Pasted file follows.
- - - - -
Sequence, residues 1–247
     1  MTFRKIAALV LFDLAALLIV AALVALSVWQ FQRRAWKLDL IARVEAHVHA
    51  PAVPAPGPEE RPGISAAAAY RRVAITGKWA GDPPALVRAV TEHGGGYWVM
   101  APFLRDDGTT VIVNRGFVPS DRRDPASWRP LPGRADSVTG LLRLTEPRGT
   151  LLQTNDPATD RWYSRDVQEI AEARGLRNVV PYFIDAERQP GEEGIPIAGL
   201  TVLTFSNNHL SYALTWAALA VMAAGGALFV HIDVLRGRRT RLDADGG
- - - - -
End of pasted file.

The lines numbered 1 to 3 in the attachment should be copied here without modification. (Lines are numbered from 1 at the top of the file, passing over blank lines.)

Sequence, residues 1–247
     1  MTFRKIAALV LFDLAALLIV AALVALSVWQ FQRRAWKLDL IARVEAHVHA
    51  PAVPAPGPEE RPGISAAAAY RRVAITGKWA GDPPALVRAV TEHGGGYWVM